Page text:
Interpreting the assessment criteria
Criterion A: research question
The research question may be written in the form of a question, proposition or statement. It should be focused on a topic that is clearly relevant to psychology, deals with behaviour and is able to be addressed consistently throughout the extended essay.
Criterion B: introduction
This section should place the research question in the context of existing knowledge and understanding of the topic. The student's personal experience or views should not appear in this section. Previous psychological studies that can be related to the research question should be considered. The studies that are introduced here may be generally supportive but they are unlikely to answer the research question in an entirely satisfactory manner. It is part of the student's task to identify strengths, weaknesses and omissions of past work, and to show how his or her essay could help to resolve some of the problems that have been identified.
Criterion C: investigation
There is a wide range of resources available for questions that are likely to be raised in extended essays related to psychology. These include textbooks, academic journals, films, television, radio, newspapers and Internet-based sources. Film, television, radio, newspapers and Internet-based sources should be treated with considerable caution since the material they contain may be neither accurate nor valid. The essay should present findings and theories from these sources in an evaluative context and students should not necessarily accept their findings at face value. A healthy and informed scepticism should be maintained towards material from film, television, radio, newspapers and Internet-based sources, until authoritative judgment allows their findings or theories to become accepted. Although the argument presented in the essay may be supported by the student's own observations, the presentation or analysis of such material should be used for illustrative purposes only and should form no more than a very minor part of the evidence used.
Criterion D: knowledge and understanding of the topic studied
Evidence and findings from empirical studies and their related theories should be an integral part of extended essays for psychology. Such material may refer to human or non-human animals and their associated behaviours. Where appropriate, students should draw on cultural, ethical, gender and methodological considerations; they should show how these aspects may affect the interpretation of the research question that is the focus of the essay.
Criterion E: reasoned argument
The research question should be the central focus of the argument as it is developed throughout the essay. As the argument is constructed, it often creates conflict between varying theories and findings from studies. The student should explain and analyse these different views and marshal those essential points that support the argument that is being advanced. It is the task of the student to persuade the reader of the reasons for, and validity of, his or her view. This is best accomplished by using a logical approach where successive salient points are built up, one upon the other.
Criterion F: application of analytical and evaluative skills appropriate to the subject
Demanding cognitive effort is needed to apply analytical and evaluative factors created by the student. The analysis and evaluation need to be covered in depth sincethese will lead to the crux of the argument. There is also an opportunity for the student to use reflexivity—a consideration of his or her own experiences and views that have contributed to the methods used in the investigation and the interpretation of points that have arisen.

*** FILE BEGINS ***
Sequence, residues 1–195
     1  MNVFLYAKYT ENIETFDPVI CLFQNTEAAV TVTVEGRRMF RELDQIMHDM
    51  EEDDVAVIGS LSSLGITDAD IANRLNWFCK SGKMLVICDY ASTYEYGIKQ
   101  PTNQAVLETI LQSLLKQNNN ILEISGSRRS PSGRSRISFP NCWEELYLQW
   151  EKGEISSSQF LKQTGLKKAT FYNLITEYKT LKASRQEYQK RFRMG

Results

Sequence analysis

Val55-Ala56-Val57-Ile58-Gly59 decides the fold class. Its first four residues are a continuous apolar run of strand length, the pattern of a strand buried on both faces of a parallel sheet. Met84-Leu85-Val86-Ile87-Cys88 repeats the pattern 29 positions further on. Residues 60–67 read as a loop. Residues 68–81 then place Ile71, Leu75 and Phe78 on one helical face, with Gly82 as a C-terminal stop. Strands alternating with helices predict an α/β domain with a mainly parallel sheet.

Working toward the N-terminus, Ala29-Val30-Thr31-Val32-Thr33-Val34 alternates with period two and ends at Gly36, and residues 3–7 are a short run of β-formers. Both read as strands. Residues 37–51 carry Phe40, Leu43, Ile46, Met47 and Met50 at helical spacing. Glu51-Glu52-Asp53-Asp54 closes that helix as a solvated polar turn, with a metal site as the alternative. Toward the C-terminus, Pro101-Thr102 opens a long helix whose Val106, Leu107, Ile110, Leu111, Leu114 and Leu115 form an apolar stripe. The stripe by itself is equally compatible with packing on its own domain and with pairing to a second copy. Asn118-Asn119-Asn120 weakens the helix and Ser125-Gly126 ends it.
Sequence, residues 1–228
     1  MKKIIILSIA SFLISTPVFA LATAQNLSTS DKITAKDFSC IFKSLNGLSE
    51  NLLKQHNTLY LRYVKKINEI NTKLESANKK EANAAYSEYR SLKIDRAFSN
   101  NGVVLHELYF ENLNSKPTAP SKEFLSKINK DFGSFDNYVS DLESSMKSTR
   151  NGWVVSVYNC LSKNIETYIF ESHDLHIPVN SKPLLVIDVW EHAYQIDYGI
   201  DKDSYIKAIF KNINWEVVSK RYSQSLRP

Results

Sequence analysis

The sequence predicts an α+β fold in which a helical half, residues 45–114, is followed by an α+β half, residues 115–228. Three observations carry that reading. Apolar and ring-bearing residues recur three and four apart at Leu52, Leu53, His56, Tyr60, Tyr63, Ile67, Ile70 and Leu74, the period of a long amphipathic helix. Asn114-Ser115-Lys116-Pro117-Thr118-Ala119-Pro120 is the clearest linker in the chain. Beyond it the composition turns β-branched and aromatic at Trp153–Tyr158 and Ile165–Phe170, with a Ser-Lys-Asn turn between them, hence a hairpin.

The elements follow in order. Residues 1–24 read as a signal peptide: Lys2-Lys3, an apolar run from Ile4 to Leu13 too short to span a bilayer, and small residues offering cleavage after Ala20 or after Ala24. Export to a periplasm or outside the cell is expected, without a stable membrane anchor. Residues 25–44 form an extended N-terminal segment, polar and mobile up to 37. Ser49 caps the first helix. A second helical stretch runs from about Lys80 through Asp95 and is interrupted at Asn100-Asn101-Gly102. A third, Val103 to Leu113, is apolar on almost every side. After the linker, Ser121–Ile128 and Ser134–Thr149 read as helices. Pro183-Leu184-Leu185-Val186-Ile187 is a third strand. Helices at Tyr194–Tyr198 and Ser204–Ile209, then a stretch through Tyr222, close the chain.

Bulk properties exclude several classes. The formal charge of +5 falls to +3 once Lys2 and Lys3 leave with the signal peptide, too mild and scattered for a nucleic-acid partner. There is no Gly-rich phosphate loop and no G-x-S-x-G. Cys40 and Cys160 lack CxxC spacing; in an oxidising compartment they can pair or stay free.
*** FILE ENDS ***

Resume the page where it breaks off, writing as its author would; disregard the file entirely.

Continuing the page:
Criterion G: use of language appropriate to the subject
Psychology is a subject that uses its terminology in a specific manner and students are expected to show this in their essays. Students who have not studied psychology as a specific part of an academic course are strongly urged to become thoroughly acquainted with the language used by psychologists and how it is applied within the discipline.
Criterion H: conclusion
The conclusion is a synthesis of the argument that has preceded it. It is the end point of a logical process that has been established by employing a succession of psychological studies and theories to justify the case that has been presented.
Criterion I: formal presentation
This criterion relates to the extent to which the essay conforms to academic standards about the way in which research papers should be presented. The presentation of essays that omit a bibliography or that do not give references for quotations is deemed unacceptable (level 0). Essays that omit one of the required elements—title page, table of contents, page numbers—are deemed no better than satisfactory (maximum level 2), while essays that omit two of them are deemed poor at best (maximum level 1).
Criterion J: abstract
The abstract is judged on the clarity with which it presents an overview of the research and the essay, not on the quality of the research question itself, nor on the quality of argument or the conclusions.
Criterion K: holistic judgment
Qualities that are rewarded under this criterion include intellectual initiative, insight, and breadth and depth of understanding. Ways of demonstrating such qualities include:
- choice of a relevant research question that extends the student's thinking but is also feasible within the time available
- location and judicious use of resources
- analysis and evaluation of psychological material to produce salient points for the argument
- use of a reflexive approach that involves the views and imagination of the student to make a unique contribution to understanding the topic.
From:International Baccalaureate Organization. (2007). Psychology. In IBO Extended essay guide, First examinations 2009, (pp. 153-158). New York: International Baccalaureate Organization.